Gwersi bywyd gan wenynwyr - stopiwch dorri'r lawnt, peidiwch â phalmantu'r dreif a dod i arfer â chwilod yn eich salad
29 Gorffennaf 2021
Mewn erthygl yn The Conversation, mae Dr Siobhan Maderson o’r adran Adran Daearyddiaeth a Gwyddorau Daear yn trafod y prif wersi mae hi wedi dysgu o’i hamser yn ymchwilio ac yn gweithio gyda gwenynwyr.
For many people, the past year has led to an increased appreciation for our fragile natural world. This is important because, alongside COVID, we are also facing a global climate and biodiversity crisis.
A recent report by IPBES (the intergovernmental science-policy platform on biodiversity and ecosystem services) highlighted enormous pressures on land and marine ecosystems and concluded that more than a million plant and animal species are at risk of extinction. The authors call for fundamental changes to how we all live, to reverse these existential threats.
One recommendation from the report is that we should listen more to Indigenous people and local community knowledge, and learn from their relationship with the natural world as a way of solving environmental crises. This makes a lot of sense to me, because as my research and interviews with beekeepers has found, beekeeping changes how people see and relate to their environment.
Beekeepers talk of “seeing like a bee”. One beekeeper I spoke with noted that “part of the psyche of people who work with insects is that they are very observant, and passionate about their environment”. This passion leads many beekeepers to change parts of their lives to better help bees and the wider environment.
Here are the main lessons I’ve learned from my time spent researching and working with beekeepers.
Go wild in the garden
Beekeepers recognise that an untidy garden is a wildlife haven and advise letting a little mess into our outdoor spaces. Some beekeepers told me how they’ve stopped mowing their lawns altogether.
This approach is encouraged by scientists, along with the charity Buglife, which is developing a national network of B-lines – insect pathways through the UK’s towns and countryside, that are rich in wildflower forage and habitat. Beekeepers will also make sure nutritious plants are available throughout the year – including Snowdrops, Lavender and Asters – for their bees and other pollinators such as bumblebees, hoverflies and wasps. Ivy is also an important late-season forage source, so don’t pull it down.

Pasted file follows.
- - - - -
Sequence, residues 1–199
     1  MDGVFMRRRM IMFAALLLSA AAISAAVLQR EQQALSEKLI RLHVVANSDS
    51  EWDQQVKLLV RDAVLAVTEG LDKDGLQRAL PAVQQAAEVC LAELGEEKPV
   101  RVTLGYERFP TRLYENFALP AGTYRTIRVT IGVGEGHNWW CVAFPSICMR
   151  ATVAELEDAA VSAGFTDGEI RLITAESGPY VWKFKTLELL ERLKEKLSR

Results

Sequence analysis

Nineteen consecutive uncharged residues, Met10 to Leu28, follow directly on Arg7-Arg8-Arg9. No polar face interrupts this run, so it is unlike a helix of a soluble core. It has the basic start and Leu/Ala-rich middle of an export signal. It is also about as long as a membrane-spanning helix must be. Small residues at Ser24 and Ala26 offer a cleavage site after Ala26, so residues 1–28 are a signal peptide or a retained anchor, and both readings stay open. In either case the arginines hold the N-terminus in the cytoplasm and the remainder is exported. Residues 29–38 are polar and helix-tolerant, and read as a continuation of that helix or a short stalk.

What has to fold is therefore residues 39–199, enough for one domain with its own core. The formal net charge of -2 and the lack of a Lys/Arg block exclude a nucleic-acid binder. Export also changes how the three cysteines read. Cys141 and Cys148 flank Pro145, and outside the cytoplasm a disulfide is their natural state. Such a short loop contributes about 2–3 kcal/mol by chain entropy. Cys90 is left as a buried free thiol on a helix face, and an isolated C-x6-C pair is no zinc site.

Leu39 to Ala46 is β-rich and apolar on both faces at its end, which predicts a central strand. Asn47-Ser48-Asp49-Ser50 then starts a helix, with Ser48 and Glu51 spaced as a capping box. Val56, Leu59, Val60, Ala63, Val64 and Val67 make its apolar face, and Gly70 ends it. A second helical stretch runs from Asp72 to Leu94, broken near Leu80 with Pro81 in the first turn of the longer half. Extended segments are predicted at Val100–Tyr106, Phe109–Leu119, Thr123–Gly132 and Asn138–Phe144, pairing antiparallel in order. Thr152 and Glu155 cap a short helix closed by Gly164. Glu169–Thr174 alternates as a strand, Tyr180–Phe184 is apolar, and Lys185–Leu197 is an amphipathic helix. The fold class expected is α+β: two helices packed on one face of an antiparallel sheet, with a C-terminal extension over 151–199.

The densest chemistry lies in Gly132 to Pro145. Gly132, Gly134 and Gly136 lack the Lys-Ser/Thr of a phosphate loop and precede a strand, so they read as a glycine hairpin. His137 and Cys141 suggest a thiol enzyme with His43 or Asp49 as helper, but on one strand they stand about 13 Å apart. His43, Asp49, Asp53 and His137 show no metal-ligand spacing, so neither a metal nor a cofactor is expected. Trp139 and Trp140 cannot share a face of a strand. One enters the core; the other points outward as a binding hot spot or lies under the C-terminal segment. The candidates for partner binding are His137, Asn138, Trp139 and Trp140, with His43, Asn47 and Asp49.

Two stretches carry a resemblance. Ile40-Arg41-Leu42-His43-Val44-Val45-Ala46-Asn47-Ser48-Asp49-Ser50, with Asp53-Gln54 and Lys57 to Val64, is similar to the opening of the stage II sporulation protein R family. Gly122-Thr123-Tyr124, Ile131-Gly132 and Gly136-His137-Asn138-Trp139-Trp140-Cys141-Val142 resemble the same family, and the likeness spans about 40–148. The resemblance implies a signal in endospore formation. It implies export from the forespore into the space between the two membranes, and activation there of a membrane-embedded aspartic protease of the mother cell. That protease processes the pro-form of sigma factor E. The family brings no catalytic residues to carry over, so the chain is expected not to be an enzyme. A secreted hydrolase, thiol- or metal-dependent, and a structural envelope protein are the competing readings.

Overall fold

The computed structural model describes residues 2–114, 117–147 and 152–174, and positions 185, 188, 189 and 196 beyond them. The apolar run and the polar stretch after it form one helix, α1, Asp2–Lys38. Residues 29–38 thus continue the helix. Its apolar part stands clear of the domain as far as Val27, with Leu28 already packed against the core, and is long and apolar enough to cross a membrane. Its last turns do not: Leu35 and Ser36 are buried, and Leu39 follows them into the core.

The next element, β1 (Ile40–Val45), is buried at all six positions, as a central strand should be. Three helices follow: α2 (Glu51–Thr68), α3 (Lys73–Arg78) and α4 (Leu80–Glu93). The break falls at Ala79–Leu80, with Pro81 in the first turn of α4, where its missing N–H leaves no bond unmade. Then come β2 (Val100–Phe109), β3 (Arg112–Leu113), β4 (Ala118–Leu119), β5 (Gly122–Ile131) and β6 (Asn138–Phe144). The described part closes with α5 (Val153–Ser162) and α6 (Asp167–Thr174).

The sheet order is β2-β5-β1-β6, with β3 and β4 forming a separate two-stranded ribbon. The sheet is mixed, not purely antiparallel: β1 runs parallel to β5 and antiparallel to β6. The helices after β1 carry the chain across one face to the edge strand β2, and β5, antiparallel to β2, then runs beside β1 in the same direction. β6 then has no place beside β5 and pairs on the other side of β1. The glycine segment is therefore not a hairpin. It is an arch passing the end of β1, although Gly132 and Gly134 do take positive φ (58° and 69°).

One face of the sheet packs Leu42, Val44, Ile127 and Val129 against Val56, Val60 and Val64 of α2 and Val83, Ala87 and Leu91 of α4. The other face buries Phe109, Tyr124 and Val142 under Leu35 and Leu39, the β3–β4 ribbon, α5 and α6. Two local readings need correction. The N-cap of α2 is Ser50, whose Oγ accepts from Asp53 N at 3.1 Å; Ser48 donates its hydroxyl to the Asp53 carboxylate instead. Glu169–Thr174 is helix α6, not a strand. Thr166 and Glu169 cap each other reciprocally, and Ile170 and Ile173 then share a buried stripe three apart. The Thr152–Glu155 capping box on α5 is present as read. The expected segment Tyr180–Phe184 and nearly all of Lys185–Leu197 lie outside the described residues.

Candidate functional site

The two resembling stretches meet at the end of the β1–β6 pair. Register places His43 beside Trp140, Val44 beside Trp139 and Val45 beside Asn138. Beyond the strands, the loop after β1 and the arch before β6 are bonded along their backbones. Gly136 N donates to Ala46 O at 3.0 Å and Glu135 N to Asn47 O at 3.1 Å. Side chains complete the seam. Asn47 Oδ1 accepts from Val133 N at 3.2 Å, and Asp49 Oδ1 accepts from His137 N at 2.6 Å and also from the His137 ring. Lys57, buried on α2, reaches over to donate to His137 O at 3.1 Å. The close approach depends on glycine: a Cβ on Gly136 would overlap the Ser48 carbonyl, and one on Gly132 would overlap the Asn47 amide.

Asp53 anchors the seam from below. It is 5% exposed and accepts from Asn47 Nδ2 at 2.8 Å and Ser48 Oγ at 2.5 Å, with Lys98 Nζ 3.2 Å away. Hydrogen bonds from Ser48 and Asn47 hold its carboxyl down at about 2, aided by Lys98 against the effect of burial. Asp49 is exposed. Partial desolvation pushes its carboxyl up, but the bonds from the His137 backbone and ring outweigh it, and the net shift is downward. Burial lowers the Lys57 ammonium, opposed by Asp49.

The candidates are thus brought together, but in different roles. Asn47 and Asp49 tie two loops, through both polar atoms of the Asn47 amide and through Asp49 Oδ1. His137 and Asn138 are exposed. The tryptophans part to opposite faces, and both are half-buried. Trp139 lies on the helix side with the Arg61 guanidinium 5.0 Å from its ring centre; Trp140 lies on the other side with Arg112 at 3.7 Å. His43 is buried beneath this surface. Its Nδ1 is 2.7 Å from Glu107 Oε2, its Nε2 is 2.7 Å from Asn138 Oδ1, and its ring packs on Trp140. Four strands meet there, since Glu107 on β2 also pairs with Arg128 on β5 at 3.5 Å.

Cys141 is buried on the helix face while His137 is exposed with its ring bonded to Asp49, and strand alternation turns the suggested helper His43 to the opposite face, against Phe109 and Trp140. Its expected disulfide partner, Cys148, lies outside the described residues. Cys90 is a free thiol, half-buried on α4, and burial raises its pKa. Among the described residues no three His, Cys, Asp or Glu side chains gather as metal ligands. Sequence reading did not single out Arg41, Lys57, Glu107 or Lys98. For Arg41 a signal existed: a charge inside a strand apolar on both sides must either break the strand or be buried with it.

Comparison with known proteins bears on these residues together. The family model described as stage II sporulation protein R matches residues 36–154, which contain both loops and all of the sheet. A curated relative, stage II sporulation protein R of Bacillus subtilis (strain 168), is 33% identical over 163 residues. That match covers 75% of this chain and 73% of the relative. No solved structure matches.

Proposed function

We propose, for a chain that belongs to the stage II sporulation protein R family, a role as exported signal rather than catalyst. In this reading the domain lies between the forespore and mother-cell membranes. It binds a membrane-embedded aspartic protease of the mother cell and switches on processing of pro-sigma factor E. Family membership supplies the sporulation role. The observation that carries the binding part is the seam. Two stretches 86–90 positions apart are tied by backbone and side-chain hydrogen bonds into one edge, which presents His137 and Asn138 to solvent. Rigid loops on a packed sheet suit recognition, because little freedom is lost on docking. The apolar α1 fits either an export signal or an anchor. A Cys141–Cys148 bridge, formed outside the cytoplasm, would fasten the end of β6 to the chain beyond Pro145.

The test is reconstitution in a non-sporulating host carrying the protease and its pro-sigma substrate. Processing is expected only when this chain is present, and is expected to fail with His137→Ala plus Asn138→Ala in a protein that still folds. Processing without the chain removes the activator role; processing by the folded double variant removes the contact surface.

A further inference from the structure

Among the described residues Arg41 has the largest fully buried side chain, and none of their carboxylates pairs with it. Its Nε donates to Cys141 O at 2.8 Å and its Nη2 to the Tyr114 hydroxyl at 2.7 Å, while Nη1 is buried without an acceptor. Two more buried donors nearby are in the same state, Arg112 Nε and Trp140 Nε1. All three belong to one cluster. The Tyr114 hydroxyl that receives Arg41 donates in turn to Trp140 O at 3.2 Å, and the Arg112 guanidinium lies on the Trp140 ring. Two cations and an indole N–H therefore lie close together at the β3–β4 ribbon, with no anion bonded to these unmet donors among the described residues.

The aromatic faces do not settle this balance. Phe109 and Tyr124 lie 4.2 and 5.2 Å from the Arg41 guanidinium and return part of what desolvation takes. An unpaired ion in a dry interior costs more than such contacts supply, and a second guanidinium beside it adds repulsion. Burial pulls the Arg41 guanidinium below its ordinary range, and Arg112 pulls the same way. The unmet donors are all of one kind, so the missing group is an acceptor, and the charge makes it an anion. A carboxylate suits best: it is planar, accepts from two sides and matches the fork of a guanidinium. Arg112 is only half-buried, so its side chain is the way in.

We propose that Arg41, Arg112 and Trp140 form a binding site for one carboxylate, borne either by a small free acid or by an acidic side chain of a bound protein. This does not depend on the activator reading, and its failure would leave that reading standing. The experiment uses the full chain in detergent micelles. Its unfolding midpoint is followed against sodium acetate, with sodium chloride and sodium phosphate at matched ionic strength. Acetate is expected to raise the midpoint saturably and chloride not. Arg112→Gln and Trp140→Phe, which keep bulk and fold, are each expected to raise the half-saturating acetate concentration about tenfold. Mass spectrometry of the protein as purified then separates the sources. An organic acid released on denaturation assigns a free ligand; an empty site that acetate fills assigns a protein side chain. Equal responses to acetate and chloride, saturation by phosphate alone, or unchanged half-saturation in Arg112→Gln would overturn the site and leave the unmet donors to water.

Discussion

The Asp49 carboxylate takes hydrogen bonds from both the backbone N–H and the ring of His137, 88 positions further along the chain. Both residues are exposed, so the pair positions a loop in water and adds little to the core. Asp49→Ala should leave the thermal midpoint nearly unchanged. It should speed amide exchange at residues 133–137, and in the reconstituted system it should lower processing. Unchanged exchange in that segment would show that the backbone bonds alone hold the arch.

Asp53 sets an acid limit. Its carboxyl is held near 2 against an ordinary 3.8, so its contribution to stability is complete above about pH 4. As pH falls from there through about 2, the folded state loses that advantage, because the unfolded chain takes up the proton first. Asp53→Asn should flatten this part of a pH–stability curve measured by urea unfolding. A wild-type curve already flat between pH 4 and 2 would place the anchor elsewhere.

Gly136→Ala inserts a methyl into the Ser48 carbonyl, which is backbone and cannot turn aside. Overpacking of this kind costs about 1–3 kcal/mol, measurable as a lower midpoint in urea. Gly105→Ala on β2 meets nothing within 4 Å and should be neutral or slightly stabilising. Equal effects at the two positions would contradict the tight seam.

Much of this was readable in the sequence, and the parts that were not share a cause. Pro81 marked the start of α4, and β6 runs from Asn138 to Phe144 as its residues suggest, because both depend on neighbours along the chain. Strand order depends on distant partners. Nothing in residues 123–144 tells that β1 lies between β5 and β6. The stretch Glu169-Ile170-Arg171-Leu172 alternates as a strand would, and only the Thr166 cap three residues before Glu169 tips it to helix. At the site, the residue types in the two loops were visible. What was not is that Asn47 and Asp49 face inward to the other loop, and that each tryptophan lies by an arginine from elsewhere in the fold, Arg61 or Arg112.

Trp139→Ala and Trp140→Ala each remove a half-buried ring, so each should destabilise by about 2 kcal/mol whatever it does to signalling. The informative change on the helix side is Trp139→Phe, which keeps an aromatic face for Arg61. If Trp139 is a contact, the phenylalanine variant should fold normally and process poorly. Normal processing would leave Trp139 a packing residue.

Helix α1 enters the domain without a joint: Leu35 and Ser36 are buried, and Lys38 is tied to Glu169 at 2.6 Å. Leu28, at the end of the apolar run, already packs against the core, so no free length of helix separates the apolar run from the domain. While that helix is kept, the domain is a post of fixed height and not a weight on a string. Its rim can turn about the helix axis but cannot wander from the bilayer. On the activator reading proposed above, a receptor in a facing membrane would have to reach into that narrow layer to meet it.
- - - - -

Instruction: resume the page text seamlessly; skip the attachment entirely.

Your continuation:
But be aware of “greenwashing”. Plants may be advertised as good for bees when they have been treated with hazardous pesticides – so make sure you check how they’ve been grown. In my experience, UK beekeepers avoid using any chemicals in their gardens, as they are all too aware of the damage they cause. In many other countries, and in the EU, domestic and municipal use of garden chemicals has been banned.
Whatever you do, don’t pave over your front garden or put down artificial turf. Both of these lead to less habitat for wildlife. If you must park your car on a hard surface at home, add in climbing plants and hedges to absorb CO2 and provide forage for insects.
Learn about your neighbourhood
Beekeepers often work in one area for years – sometimes even generations. These years of experience in one place show them what’s growing, and what’s living in their area, and what has changed over time.
Strengthening our connection to – and our knowledge about – our local area has lots of advantages. It’s good for our mental health and happiness and can help us know what’s happening in our local environment – whether that’s a garden, park, woodland, or beach.
Phenology – knowing the seasonal cycles of plants and animals – provides valuable information for scientists studying the effects of climate change. You don’t need to keep bees to learn these things. Anyone can start collecting, and contributing information about local areas by recording sightings of flora and fauna you may see on your daily outings.
Beekeeping is often a starting point for deeper learning about the environment. Some beekeepers, for example, go on to learn about botany, which helps them know what to plant to provide food and habitat for their bees.
Unlike beekeepers, many of us aren’t really aware of the differences between honeybees and other species of bees. Many bee species are solitary, and have smaller foraging ranges. Understanding the needs of different species can help make sure the environment is healthy for all pollinators – not just honeybees.
In some parts of the UK, particularly urban areas, there are now too many honeybees, and not enough forage for them, or the wider pollinator community. Some beekeepers are now decreasing the number of colonies they keep, to support all pollinators, by decreasing pressure on environmental resources.
Think global, act local
If we want to live in a world that is good for pollinators, as well as the rest of us, big changes are needed in our environment, and our food system. This is why many beekeepers change their diet and their shopping, eating more locally grown vegetables that aren’t treated with pesticides.
Being willing to buy fruit and vegetables that may have the occasional insect living in it is better for us and for nature. To live more harmoniously with the natural world, we need to relax about larvae in the lettuce and slugs in the spinach.
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